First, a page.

You need to track down the hissing sound and make sure it isn't an intake leak.
With the engine idling, spray carb cleaner at each of the intake connections - at the plenum, at the heads, around the injectors.
all suggestions are great, I would now swap coil, verify the timing and change condesor. it more sounds to me what you describe is somewhere the ignition is breaking down. timing coil and condenser.
OK, finally some progress. I noticed on the instructions on how to adjust the timing that someone commented that the vacuum lines should be disconnected when adjusting the timing. With them off, the timing changed quite dramatically, even at 3500 rpm. Readjusted it this way, and the car runs much better -- no more backfiring, fairly solid acceleration, very little hesitations.
I still have the "trailer towing" issue -- slight jerking at constant speed, more so on acceleration. But I think I figured that out too; I disconnected the TPS, and no more jerking! So I guess my problems were a misadjusted timing, and a bad TPS.
1) Where do I get a good TPS board to replace my worn one?
2) Is it normal for the vacuum lines to make such a big difference even at wide open throttle? My timing was off by probably 5-10 degrees (one whole rib on the fan) with the vacuum lines on versus off. I thought the vacuum lines were there to lower the idle when the throttle is closed, and to increase the advance on acceleration from idle. I simply wonder if my canister on the distributor works properly.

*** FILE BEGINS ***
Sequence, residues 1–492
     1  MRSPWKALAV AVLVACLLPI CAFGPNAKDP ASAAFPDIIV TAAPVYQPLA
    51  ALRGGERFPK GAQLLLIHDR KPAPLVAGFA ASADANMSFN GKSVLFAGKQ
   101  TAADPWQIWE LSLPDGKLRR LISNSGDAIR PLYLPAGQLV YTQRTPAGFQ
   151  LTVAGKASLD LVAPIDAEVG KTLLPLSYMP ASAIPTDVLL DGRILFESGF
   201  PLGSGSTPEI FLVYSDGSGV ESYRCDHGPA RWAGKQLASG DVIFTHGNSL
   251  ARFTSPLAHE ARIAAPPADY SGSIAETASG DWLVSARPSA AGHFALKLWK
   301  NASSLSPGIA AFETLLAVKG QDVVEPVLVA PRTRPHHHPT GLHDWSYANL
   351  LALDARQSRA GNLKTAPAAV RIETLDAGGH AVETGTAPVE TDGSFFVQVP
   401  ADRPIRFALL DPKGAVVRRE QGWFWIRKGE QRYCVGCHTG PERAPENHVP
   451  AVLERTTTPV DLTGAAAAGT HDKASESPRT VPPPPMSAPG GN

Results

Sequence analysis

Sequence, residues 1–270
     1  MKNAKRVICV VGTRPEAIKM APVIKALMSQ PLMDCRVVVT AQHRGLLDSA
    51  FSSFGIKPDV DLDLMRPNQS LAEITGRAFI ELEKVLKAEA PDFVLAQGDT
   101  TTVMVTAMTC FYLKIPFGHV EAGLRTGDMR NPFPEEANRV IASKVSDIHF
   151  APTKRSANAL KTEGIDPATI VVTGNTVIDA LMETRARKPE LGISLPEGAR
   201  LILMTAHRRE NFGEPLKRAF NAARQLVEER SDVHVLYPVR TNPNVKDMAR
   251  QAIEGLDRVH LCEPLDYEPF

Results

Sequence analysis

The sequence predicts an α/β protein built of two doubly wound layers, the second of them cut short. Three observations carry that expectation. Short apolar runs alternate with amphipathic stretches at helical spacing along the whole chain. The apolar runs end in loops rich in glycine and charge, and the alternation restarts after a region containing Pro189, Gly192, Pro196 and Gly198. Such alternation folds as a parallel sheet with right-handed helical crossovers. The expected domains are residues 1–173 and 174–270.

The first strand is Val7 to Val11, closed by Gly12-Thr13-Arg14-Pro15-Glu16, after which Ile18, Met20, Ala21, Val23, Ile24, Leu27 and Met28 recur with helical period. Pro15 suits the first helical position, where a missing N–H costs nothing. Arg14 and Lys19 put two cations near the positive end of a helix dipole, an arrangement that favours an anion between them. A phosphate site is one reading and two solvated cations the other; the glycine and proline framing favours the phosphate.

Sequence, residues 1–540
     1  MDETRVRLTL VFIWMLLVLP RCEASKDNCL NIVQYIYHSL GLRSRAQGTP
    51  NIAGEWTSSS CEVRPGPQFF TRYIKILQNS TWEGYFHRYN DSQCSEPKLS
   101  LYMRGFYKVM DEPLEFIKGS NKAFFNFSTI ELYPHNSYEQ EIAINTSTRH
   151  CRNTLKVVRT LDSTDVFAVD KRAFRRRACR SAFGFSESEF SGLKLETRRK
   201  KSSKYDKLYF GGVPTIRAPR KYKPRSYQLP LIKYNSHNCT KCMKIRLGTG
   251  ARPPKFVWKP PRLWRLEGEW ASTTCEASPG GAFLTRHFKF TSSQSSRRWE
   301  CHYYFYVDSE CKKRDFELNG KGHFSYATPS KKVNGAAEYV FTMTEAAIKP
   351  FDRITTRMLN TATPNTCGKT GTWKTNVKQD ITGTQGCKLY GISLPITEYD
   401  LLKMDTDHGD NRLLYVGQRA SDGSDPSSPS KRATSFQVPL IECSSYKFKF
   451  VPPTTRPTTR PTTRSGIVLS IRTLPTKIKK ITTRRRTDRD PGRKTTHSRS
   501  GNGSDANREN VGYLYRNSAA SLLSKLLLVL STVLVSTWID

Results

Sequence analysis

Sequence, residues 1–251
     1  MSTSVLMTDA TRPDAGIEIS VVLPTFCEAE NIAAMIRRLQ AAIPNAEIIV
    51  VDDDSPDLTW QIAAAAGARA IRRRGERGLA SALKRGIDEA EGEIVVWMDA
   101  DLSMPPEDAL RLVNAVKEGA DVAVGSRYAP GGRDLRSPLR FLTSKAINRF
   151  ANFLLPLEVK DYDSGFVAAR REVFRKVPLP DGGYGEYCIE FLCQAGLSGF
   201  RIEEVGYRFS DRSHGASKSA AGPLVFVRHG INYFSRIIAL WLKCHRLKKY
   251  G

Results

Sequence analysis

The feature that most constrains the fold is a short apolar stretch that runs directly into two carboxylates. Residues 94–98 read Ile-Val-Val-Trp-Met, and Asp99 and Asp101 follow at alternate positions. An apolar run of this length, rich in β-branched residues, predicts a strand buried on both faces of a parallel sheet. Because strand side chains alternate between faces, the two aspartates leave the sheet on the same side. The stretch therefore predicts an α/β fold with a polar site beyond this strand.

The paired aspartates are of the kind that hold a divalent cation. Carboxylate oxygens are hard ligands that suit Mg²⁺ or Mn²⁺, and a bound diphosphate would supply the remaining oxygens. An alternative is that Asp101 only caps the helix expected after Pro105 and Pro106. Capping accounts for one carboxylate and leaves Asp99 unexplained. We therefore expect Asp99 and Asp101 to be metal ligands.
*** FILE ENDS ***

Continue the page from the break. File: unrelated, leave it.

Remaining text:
3) Sometimes the car idles at 1800 rpm (the first 10-15 minutes of driving), after which it settles to a 900 rpm idle when fully warmed up. Is this normal?
#2 vacuum lines are advance and retard, later versions have retard only. Timing with hoses attached subverts the internal mechanical advance.
#1 a few people here sell replacement circuit boards for the TPS, held in with a single rivet. Easy replacement, clean contacts and lube with Deoxit, than readjust.
ps: “trailer hitching” can be caused by an MPS that is not adjusted correctly, TPS has an idle circuit, when the switch transitions from idle to acceleration the MPS takes over, this transition is where the bucking starts and doesn’t end until the MPS senses hard acceleration.
Well, that was optimistic.... Sadly it turns out that that was not the problem. I let the car cool down for a couple of hours, and then being happy that it was fixed I thought I'd take it out for another spin. All the old problems were back with a vengeance: backfiring, low idle, trouble revving up past 1000rpm. Removing the vacuum lines makes the idle slightly higher, but nowhere near as much as before.
So my guess is that there is some intermittent problem somewhere. When it happens, the car runs like crap when cold, and even warmed up idles around 700 rpm with the current setting of the idle screw on the throttle. What I saw earlier today was one of the rare moments when it ran well -- good acceleration, no hesitations, no backfires, and an idle of 1800 rpm. Then something went bad again and it returned to its old habits.
This is driving me insane! Tomorrow I'll try to replace the condenser. Today I had put a new coil on it, so the coil is not the problem.
Check your fuel pressure. What you describe sounds like surging (lean condition).
Also check for vacuum leak.s.
Is the strainer sock in the fuel tank in good, functional condition?
Head temp sensor lose, not screwed into the head tightly, or wire connector coming lose.